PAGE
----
Burn itch

Why is burn itch a problem?

For the first week or two after a burn injury pain is often the main focus but may become less of a problem quickly. However itch can start in the first or second week, frequently peaking in 4-6 months for severe burns and, unlike pain, remains for weeks, months, or even years.

Burn patients often experience itch as their wounds heal. Itch, also known as pruritus, can have major negative effects on the patient, both physically and psychologically.

Physically it may cause the patient to scratch so much that they can produce wounds, particularly in the areas of newly healed skin. These wounds can then lead to infection, increased healing times and increased long-term scarring. It is important to treat itch, especially with children as young children do not understand the consequences of scratching, such as damaging the new skin.

In addition to physical effects psychologically itching and scratching can disturb sleep and aspects of normal function and quality of life. Post burn itch is a distressing and poorly managed issue which is disturbing for the patient, and their family.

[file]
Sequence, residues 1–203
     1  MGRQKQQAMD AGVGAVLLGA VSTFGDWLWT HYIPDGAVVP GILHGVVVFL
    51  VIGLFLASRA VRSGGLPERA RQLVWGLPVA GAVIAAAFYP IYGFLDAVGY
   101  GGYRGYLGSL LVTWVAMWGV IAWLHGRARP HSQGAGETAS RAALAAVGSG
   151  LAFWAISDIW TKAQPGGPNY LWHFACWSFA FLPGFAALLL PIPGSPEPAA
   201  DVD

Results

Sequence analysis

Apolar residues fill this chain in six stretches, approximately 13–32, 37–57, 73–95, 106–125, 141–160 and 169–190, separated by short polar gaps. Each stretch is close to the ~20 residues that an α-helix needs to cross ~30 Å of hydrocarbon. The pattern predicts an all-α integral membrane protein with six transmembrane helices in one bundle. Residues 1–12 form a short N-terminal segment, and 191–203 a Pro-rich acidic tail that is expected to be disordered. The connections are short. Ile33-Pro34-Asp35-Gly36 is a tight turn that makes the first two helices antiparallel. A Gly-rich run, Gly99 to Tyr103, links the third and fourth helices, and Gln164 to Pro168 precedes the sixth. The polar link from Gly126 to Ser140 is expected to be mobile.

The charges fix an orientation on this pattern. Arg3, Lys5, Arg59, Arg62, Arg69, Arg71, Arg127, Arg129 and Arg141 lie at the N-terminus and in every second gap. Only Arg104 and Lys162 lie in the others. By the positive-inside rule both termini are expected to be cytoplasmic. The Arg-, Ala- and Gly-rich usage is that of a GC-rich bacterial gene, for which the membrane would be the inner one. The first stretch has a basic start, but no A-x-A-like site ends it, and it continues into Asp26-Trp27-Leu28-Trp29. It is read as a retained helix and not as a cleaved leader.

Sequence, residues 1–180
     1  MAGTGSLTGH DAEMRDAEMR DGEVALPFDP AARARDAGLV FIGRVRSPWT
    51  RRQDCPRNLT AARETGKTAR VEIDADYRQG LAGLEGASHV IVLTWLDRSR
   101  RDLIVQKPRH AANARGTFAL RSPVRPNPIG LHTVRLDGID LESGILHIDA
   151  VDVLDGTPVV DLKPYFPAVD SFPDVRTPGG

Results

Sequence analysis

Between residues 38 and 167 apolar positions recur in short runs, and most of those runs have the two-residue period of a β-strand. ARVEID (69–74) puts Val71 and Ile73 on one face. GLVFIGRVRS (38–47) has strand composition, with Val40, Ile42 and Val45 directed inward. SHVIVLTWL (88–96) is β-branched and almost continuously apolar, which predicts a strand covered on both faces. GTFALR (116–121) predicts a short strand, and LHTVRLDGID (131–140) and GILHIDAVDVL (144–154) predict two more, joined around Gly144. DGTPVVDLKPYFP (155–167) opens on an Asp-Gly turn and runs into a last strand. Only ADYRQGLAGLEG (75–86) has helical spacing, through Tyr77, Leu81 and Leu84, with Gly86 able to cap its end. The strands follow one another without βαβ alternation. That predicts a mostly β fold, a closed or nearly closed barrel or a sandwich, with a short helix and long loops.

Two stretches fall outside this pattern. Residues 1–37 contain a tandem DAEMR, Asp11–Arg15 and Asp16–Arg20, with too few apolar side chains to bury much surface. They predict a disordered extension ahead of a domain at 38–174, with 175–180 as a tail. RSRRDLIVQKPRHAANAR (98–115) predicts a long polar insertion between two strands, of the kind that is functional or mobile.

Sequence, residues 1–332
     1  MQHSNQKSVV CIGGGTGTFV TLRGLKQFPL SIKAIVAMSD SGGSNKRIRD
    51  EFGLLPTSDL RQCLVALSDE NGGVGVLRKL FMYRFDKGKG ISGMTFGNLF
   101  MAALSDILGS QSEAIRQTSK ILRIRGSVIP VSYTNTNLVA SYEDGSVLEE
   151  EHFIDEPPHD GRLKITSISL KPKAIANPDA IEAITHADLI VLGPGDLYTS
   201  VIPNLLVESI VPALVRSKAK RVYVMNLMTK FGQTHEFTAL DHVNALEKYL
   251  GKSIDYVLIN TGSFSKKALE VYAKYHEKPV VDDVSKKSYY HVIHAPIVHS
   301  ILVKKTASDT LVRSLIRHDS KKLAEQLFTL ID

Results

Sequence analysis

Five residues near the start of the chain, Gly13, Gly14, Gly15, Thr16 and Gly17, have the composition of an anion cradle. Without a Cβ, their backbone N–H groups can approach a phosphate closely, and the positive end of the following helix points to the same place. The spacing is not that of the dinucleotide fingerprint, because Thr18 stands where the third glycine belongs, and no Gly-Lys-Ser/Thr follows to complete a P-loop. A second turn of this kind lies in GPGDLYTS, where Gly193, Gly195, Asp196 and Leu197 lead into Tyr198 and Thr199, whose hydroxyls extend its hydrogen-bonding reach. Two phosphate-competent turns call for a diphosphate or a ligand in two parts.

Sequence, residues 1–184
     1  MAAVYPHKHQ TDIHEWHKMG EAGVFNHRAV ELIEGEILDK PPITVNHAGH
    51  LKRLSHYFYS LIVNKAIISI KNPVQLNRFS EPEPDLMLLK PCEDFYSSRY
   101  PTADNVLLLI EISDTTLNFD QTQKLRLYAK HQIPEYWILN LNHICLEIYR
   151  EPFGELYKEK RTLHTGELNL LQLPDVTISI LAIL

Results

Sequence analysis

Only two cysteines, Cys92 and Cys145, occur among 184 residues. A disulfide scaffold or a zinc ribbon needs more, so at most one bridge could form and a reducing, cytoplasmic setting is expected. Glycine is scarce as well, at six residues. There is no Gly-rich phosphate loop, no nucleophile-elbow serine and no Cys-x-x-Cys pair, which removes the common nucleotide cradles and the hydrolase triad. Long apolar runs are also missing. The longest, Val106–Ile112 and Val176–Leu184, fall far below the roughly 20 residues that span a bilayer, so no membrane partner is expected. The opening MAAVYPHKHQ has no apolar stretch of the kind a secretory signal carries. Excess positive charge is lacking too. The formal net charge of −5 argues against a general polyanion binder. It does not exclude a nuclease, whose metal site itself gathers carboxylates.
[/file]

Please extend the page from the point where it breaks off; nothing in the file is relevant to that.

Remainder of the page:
What treatments are there for itch?

Itch treatment options can generally be divided into pharmacological (such as antihistamines) or non-pharmacological (such as emollients or massage). It is often good for the patients to use both of these to better manage their itch.

Medications may cause problems like drowsiness, anxiety and agitation. These may affect the patient’s ability to carry out usual daily activities and involvement in such things as work and school. These effects can make physical and psychological coping harder so it is important that the use of any medication for itch is closely monitored and discussed with the doctor that has prescribed the medication.

How long does itch last?

Itch can affect both the acute phase and also into the scar production phase. It can continue for many years following the initial injury. If the patient needs ongoing surgery for skin contracture release this can exacerbate or restart the itch process.

If your itch isn’t well managed

Discussed with your burn team. They can work with you to address the issue.

You can also speak to your local GP, especially if you are an outpatient.

Subscribe to updates

Stay Updated

Subscribe to our newsletter and receive updates in your inbox.